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Op-Ed in NY Times on HIV testing

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Peter Staley:
In Sunday's New York Times, in the "City Section," they ran an op-ed I wrote called "Why It's Right to Test."  You can read it on POZ.com by clicking here, or on nytimes.com by clicking here

I'd love to know what folks think.  Please post your comments in this thread.

Peter Staley
Founder
AIDSmeds.com

Lisa:
You are quite right Peter, and New York isn't the only place.
Where I live, the options for HIV testing are pretty much limited to the public health dept., or one, that's right I said ONE planned parenthood site in the city.
Otherwise, one must ask for testing via their family medicine doctor, or similar private health provider.
Good article.

David_CA:
I agree with all the good points about testing.  There's one big problem I have with any current testing policies.  The fact that my status, along with my name and other personal information, was reported to the county, state, and federal government is just wrong.  That's personal information.  In fact, the govt. had my results before my Dr. even had them.  Until HIV test results are confidential, the paperwork and informed consent are needed.  Otherwise, people assume that their test results are private.  I can see reporting my status anonymously for statistical purposes or for State funding if I were asking for financial assistance.  I'm not asking for govt. assistance.  If i do, in the future, that would be a different story.  I have private insurance and am bothered by this 'Surveillance Data'.  If we truly want to treat HIV like any other disease, we need to give the privacy that other health tests are provided.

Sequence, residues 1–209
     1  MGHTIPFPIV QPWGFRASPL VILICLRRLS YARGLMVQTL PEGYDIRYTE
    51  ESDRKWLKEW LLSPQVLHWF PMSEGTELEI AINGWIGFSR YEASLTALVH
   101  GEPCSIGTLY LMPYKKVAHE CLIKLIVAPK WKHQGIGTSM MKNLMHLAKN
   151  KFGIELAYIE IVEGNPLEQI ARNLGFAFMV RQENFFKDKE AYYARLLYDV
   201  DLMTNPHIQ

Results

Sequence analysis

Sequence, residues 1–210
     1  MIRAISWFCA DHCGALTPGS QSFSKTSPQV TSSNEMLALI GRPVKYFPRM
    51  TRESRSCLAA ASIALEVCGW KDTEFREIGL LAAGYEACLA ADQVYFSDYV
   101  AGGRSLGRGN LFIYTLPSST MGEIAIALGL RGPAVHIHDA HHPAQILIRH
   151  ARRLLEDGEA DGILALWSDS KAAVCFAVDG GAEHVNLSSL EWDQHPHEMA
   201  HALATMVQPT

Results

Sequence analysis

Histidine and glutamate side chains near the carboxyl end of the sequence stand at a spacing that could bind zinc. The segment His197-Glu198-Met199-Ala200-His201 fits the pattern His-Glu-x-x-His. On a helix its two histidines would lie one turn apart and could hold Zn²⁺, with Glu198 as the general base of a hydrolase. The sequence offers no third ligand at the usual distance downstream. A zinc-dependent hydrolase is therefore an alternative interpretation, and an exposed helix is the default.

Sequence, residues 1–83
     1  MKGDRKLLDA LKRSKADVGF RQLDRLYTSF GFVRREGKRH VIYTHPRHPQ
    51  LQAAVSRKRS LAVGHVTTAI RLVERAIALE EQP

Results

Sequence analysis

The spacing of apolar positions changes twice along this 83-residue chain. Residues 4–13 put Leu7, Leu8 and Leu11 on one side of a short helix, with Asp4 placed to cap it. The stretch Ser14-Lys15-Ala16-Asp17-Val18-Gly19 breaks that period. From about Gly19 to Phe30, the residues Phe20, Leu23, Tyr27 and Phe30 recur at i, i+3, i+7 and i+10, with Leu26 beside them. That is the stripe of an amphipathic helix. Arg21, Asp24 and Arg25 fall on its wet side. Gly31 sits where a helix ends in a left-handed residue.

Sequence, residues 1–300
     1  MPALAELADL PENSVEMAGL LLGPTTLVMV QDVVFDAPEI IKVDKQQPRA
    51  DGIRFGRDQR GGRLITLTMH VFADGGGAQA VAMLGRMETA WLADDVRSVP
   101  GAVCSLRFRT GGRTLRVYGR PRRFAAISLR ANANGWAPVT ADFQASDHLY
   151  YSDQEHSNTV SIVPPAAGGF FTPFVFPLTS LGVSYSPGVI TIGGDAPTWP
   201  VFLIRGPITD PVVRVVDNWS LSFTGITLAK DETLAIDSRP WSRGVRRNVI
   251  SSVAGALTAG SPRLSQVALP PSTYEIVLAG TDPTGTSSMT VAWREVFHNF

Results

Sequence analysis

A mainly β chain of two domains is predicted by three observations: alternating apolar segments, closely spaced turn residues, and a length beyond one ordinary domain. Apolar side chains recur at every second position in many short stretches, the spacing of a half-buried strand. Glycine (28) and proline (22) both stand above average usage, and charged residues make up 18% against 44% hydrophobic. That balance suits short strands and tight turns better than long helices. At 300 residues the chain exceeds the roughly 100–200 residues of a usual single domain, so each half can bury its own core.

David

Iggy:
.

Peter Staley:
Iggy -- Almost all states, including NY, now have names reporting for HIV tests done in doctor's offices, hospitals, etc. (the state collects our names from docs, etc.).  However, these same states invariably allow anonymous testing sites to continue as well.  If your friends want to remain anonymous, they can usually find anonymous testing centers (like STD clinics) that won't ask for their name, and won't report anything to the state.  They can also use a home HIV testing kit.

Anonymous testing remains an option almost everywhere in the U.S.  All of us who argue for names reporting, or expanded testing, have always demanded the continuation of anonymous testing options.

Also, I strongly believe these fears are unwarranted.  There hasn't been a single case of HIV name disclosure by New York State, ever. 

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